Wednesday, 20 February 2019

Cheddar Man Debunked Links - Swedish Edition

Savage Ruin VIII


Cheddar Man - Verdict


Well,now it appears that the 'muh scientists ' were bullshitting,since they actually had to contend with people who know what they're talking about,who saw through the propaganda.I've now read countless in depth studies which called this as propaganda,and the scientists have to admit it too. New Scientist,only one week after publishing the 'Cheddar Man was black to dark skinned 'story NOW state that the DNA interpretations are not rooted in fact,but are speculation.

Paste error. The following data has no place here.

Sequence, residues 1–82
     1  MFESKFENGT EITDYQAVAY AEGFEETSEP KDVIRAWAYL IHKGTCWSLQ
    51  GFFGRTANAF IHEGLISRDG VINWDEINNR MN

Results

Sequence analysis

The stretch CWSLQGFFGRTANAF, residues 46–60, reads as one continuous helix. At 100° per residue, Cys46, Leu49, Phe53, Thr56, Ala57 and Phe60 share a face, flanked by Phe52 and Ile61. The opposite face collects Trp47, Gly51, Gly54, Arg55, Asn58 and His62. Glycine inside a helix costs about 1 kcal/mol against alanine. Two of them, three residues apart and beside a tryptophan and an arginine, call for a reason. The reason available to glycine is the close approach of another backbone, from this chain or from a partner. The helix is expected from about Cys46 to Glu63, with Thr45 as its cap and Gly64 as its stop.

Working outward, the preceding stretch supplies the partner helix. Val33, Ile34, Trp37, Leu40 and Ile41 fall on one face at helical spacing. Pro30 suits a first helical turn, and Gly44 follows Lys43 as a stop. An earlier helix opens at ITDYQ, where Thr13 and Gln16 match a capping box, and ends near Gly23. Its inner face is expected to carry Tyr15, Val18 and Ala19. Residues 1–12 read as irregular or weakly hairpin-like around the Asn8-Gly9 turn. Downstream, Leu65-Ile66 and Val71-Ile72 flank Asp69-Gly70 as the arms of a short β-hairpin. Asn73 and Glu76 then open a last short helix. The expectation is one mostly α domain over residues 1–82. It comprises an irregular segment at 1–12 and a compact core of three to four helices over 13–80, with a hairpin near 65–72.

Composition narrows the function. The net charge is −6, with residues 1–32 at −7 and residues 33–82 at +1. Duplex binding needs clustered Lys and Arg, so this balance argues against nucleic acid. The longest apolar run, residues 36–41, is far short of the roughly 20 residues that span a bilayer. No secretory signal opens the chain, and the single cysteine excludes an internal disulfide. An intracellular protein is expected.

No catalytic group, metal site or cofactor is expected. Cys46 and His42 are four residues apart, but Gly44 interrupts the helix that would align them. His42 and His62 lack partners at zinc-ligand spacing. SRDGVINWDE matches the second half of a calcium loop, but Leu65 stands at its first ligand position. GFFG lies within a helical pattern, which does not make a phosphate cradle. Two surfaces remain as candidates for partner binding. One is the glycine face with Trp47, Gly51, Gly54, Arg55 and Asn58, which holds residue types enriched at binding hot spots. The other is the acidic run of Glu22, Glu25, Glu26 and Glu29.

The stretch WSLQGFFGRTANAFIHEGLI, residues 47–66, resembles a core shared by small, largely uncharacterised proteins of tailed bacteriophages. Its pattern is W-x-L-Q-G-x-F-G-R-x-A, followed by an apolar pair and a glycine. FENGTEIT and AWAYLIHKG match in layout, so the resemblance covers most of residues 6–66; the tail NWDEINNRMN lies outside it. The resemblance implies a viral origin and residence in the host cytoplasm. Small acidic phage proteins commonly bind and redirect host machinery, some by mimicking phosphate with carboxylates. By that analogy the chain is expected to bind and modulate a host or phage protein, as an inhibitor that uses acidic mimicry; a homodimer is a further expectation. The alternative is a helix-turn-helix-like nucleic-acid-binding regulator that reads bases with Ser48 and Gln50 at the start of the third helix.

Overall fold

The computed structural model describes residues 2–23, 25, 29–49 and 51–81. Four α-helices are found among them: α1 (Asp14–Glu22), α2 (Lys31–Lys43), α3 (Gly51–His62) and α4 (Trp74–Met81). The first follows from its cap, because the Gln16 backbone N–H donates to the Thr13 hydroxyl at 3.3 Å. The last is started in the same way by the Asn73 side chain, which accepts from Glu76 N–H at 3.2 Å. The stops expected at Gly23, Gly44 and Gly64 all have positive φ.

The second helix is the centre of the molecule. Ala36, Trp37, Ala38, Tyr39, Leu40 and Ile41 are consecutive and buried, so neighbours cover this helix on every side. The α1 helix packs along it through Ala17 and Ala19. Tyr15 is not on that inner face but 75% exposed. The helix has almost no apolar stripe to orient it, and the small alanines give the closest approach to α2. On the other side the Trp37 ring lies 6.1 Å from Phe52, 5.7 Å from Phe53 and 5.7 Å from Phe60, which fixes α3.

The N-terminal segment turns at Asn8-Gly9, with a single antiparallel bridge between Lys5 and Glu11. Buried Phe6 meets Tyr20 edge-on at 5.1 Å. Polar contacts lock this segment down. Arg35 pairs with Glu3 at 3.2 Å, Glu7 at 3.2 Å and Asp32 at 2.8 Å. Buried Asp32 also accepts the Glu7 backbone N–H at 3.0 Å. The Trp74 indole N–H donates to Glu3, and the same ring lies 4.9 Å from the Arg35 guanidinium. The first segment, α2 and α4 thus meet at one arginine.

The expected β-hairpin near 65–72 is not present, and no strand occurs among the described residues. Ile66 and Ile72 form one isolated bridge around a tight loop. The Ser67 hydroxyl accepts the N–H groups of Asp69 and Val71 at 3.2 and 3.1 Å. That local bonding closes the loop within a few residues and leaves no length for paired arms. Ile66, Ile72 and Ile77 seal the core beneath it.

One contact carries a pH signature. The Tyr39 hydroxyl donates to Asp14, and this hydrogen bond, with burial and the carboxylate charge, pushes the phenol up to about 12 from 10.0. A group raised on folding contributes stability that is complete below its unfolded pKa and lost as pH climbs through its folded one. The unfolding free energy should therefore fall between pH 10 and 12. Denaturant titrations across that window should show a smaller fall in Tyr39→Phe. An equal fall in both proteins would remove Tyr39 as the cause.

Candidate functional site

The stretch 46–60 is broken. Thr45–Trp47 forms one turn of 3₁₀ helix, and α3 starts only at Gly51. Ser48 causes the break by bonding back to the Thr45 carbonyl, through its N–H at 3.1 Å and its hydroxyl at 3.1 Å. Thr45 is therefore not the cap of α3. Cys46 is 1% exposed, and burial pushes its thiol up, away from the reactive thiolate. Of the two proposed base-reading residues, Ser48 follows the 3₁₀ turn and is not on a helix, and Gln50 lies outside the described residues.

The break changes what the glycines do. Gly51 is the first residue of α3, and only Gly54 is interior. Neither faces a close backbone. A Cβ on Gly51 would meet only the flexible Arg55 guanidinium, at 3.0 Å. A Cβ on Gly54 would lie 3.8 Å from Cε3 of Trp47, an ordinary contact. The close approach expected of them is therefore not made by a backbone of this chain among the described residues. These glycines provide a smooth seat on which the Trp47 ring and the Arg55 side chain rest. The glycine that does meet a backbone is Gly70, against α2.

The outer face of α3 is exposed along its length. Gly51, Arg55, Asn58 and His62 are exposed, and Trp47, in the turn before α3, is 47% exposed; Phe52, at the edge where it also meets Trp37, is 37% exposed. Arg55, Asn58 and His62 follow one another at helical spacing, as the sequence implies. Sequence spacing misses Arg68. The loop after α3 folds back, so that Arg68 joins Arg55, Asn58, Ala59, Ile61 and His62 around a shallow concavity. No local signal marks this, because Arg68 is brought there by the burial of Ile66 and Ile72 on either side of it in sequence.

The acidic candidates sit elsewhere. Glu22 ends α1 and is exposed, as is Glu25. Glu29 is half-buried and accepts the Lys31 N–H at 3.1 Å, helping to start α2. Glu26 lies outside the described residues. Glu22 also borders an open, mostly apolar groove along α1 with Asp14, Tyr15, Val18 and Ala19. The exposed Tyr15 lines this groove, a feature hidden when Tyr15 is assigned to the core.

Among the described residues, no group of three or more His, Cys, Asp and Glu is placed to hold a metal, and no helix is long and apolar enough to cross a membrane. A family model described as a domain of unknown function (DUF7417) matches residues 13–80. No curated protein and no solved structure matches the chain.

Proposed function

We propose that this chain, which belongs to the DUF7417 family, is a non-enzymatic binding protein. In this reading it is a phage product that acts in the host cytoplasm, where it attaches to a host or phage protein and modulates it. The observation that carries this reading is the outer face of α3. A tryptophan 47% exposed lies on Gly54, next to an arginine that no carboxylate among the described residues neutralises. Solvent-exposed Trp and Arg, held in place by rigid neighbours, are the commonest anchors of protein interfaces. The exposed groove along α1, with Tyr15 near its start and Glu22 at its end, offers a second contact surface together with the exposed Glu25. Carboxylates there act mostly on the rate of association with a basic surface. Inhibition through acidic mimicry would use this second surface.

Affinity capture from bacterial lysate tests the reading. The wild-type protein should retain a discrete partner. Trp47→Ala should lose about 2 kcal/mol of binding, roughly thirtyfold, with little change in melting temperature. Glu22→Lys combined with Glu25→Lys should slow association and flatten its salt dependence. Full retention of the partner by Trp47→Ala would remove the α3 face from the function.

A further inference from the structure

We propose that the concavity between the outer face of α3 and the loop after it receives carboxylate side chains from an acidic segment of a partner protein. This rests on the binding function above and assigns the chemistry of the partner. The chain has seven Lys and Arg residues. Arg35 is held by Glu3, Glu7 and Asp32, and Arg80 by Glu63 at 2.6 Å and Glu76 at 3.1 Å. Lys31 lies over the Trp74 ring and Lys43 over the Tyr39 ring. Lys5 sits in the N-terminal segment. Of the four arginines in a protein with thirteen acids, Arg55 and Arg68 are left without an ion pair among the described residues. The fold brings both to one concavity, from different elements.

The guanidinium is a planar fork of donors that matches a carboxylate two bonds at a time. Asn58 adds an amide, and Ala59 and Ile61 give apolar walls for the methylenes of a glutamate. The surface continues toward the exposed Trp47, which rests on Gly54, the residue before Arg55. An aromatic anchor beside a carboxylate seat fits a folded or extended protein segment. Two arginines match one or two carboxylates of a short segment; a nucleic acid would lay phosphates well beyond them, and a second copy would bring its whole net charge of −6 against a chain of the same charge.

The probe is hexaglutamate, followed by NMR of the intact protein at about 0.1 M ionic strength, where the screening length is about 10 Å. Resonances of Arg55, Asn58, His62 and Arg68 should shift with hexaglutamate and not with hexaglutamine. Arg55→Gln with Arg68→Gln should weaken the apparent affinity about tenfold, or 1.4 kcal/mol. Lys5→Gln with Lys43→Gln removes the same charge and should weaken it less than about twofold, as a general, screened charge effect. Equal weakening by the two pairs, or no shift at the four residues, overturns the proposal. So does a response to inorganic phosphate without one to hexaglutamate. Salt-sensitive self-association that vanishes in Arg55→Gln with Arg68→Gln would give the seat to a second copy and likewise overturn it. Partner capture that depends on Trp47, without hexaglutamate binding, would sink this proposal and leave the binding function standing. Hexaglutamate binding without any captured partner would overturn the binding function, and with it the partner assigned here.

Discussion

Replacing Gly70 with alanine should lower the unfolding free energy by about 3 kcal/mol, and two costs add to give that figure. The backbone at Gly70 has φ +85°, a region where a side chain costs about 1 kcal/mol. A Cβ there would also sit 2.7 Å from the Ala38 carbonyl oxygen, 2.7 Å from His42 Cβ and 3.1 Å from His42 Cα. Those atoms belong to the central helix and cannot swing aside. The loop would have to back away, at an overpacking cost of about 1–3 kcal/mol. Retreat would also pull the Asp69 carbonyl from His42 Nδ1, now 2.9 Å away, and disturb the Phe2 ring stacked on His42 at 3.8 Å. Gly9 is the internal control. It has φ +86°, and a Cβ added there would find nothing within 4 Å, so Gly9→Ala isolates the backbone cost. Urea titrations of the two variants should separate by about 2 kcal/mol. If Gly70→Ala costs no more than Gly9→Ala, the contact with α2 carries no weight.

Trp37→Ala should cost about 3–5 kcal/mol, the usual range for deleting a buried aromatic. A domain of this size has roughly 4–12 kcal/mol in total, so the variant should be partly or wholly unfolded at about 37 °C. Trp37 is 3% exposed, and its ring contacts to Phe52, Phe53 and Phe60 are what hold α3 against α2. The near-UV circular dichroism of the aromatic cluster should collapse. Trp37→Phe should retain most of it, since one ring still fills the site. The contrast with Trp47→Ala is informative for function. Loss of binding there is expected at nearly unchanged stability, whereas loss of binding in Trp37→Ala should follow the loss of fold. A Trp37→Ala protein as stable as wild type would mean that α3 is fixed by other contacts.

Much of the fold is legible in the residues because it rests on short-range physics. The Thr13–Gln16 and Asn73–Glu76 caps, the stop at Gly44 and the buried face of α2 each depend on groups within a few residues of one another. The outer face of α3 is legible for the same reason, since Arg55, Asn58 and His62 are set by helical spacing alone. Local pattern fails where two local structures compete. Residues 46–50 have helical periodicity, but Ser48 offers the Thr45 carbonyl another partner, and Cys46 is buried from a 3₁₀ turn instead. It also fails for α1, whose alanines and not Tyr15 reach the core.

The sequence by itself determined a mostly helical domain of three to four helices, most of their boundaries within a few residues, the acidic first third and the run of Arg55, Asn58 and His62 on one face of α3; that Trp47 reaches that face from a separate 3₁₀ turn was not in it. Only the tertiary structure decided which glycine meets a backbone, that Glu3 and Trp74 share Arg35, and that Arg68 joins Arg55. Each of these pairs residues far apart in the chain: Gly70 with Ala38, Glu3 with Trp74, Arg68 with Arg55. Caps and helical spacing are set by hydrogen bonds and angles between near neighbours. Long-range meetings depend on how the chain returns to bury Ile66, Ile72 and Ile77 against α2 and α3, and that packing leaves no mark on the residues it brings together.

https://www.newscientist.com/article/2161867-ancient-dark-skinned-briton-cheddar-man-find-may-not-be-true/ For those who don't have a subscription,here's the text- "A Briton who lived 10,000 years ago had dark brown skin and blue eyes. At least, that’s what dozens of news stories published this month – including our own – stated as fact. But one of the geneticists who performed the research says the conclusion is less certain, and according to others we are not even close to knowing the skin colour of any ancient human. The skeleton of Cheddar Man was discovered in 1903 in a cave in south-east England where it had lain for 10,000 years. Until a few weeks ago, he had always been depicted with pale skin. This makes some sense, given that people living at northern latitudes often have paler skins. The explanation may be that it allows more of the weak northerly sunlight into their skin, so they can make enough vitamin D. And it seems our species reached Europe 30,000 years before Cheddar Man lived, so his ancestors would have had plenty of time to evolve paler skins. But the new DNA analysis suggests that Cheddar Man may have had dark skin. Most news stories said his skin was “dark to black”. Giveaway genes To show this, researchers including Susan Walsh at Indiana University–Purdue University Indianapolis read Cheddar Man’s DNA. Walsh had helped develop a model that attempts to predict someone’s eye, hair and skin pigmentation solely from their DNA, and the team applied this model to Cheddar Man. The most recent version of the model was published in May 2017. It focuses on 36 spots in 16 genes, all linked to skin colour. To test it, Walsh and her colleagues took genetic data from over 1400 people, mainly from Europe and the US but also some from Africa and Papua New Guinea. The team used part of the data to “train” their model on how skin colour and the 36 DNA markers are linked. They then used the rest of the data to test how well the model could predict skin colour from DNA alone. The model correctly identified who had “light” skin or “dark-black” skin, with a small margin of error. When Walsh and her colleagues applied the model to Cheddar Man, they concluded his skin colour fell between “dark” and “dark to black”. Not so sure The research was first announced by press release, to coincide with the release of a TV documentary. It has now been posted to a preprint server. Walsh stresses that the study doesn’t conclusively demonstrate Cheddar Man had dark to black skin. We cannot place such confidence in the DNA analysis, she says. For one thing, Cheddar Man’s DNA has degraded over the last 10,000 years. “It’s not a simple statement of ‘this person was dark-skinned’,” says Walsh. “It is his most probable profile, based on current research.” In fact, we are not ready to predict the skin colour of prehistoric people just from their genes, says Brenna Henn at Stony Brook University, New York. That’s because the genetics of skin pigmentation turn out to be more complex than thought. Too many genes In November 2017, Henn and her colleagues published a paper exploring the genetics of skin pigmentation in populations indigenous to southern Africa – where skin colour varies more than many people appreciate. Just weeks before, a group led by Sarah Tishkoff at the University of Pennsylvania in Philadelphia had published a paper on the genetics of skin pigmentation in people from eastern and southern Africa. “The conclusions were really the same,” says Henn. “Known skin pigmentation genes, discovered primarily in East Asian and European populations, don’t explain the variation in skin pigmentation in African populations. The idea that there are really only about 15 genes underlying skin pigmentation isn’t correct.” It now seems likely that many other genes affect skin colour. We don’t know how. If we are still learning about the link between genes and skin pigmentation in living populations, we can’t yet predict the skin colour of prehistoric people, says Henn. This debate may seem of little practical importance – although the idea that Cheddar Man was dark-skinned generated enormous public interest. However, we need to know the limitations of this sort of genetic technology. Police could one day plug DNA from a crime scene into one of these models to determine what a suspect looks like. Walsh’s model might succeed at this in the US, says Henn, because it was trained on DNA from people with similar ancestry to North Americans. But it may well fail elsewhere. Henn’s team has tested an older model that aimed to predict skin colour from DNA. When they put it to work among southern African populations, “it literally predicted that people with the darkest skins would have the lightest skin” Would the BBC now like to shout THIS from the rooftops??

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